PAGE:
EEK! The Musical

Easy radio_button_checked radio_button_unchecked radio_button_unchecked radio_button_unchecked radio_button_unchecked
Instrumental Only?

Lyrics by Mark Schweizer
Production notes by Carol McClure


As we were thinking about a new children’s work for Christmas, we asked ourselves “What do we as adults, parents, and harried choir directors, want from a Christmas Musical? Do we want deep theological truths presented in a musical tapestry of breathtaking melodies and lush harmonies with dramatic nuances that might be enjoyed for years to come by thespianic connoisseurs of pre-teen Yuletide performances?


The answers were obvious.
It has to be short.
It has to be funny.
It has to be easy.
It has to include Christmas carols sung sweetly by a choir.
It has to have a Christmas message for kids of all ages.
It has to have a part for small children (ages 2-5) dressed up in mouse suits shrieking “EEK!”

EEK! is 16 minutes long—just the right length to plug in to a Christmas Eve family service, take the place of a sermon, or fit into a fellowship dinner program. It might be slightly longer if the mice get loose.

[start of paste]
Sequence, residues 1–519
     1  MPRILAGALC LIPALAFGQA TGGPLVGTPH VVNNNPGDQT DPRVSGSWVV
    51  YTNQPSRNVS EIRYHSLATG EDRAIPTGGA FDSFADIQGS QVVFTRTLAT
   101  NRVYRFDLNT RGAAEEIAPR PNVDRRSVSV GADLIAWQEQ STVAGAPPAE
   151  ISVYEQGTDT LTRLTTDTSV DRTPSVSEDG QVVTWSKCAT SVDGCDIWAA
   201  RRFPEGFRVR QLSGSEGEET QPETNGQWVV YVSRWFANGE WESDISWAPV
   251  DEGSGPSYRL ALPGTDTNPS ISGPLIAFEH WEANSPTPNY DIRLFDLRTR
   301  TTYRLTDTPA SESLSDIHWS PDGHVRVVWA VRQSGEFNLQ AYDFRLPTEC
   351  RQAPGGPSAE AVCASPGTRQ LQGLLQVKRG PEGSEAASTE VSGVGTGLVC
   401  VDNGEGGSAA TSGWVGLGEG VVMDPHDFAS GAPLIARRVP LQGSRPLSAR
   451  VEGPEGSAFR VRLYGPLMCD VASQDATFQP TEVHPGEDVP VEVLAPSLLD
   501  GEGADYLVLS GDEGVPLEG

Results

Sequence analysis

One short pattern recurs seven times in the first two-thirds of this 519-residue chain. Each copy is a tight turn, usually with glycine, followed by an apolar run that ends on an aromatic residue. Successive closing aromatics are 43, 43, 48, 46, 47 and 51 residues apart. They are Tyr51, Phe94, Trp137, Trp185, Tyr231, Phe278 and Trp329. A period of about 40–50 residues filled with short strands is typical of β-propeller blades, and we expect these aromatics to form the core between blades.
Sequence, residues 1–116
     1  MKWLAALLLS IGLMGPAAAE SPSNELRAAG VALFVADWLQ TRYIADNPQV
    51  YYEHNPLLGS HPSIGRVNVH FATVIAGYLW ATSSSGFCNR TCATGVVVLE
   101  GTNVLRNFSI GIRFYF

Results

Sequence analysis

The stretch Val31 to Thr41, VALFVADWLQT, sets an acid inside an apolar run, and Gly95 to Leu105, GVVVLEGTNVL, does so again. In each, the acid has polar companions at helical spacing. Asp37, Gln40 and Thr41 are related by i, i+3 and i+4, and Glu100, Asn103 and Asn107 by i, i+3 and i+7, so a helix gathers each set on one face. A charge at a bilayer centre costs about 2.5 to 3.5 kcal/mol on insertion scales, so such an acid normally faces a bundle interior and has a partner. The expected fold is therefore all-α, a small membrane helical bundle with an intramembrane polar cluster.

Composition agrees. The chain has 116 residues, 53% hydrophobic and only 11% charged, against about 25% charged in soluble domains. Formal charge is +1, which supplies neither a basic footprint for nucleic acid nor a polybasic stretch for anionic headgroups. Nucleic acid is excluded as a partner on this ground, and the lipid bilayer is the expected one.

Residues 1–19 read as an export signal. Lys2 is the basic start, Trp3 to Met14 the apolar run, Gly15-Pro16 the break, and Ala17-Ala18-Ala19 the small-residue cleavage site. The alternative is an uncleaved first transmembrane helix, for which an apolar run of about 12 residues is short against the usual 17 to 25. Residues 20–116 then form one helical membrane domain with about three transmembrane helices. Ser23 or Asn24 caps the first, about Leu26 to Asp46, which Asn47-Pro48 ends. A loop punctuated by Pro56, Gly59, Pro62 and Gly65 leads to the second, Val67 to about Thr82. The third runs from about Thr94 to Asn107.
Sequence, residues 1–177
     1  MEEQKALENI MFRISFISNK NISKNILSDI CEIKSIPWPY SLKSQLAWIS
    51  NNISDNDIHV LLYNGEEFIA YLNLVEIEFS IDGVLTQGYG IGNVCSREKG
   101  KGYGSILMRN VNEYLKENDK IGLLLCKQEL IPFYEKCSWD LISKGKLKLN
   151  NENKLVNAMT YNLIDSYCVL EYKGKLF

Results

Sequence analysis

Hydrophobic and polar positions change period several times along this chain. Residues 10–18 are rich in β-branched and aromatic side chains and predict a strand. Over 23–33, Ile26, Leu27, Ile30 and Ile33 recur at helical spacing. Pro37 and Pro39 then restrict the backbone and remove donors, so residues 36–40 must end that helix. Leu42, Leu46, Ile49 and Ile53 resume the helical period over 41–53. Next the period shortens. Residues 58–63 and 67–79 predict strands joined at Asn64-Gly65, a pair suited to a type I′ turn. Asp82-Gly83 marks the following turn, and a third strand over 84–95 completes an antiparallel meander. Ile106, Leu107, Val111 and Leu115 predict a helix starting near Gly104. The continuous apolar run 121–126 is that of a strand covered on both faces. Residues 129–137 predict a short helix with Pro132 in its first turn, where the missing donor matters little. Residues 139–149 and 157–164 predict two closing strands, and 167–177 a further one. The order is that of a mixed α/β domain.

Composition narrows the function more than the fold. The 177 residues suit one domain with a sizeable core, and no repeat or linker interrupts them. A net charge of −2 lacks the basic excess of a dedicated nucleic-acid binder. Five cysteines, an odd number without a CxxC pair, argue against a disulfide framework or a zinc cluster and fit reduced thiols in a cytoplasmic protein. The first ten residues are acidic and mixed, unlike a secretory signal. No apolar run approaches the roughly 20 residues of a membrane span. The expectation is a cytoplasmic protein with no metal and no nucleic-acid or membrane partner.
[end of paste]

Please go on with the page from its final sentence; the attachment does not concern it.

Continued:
EEK! has four easy songs for the choir, all based on well-known carols.

EEK! celebrates Christmas, in particular the virtues of hospitality, as exemplified by the innkeeper, who, despite his wife’s selfishness, welcomes the Holy Family to the stable in Bethlehem. The musical also points out, in a light-hearted fashion, the penalties of meanness and extravagance which the innkeeper’s wife and her mother display.

There are singing roles for two adults (or older teens), including a bedraggled Innkeeper and an hysterically funny Innkeeper’s Wife whose song (with appropriate dramatic flourishes) will bring down the house!

It has two “mute” characters (Mary and Joseph) for those children in the choir that just can’t match pitch and a third (The Mother-In-Law) that could be played by an adult, a child, or even a male clergy-person.

And, of course, a chorus of mice that ideally (but not necessarily) should be able to “EEK.”

Carol McClure's Production Notes include "Four Weeks to EEK!" -- weekly rehearsal suggestions, easy costuming, staging...All you need if you're a bit flummoxed in the production department.

FYI: The EEKING CHORUS on the recording is performed by the First United Methodist Church Daycare, Hopkinsville, KY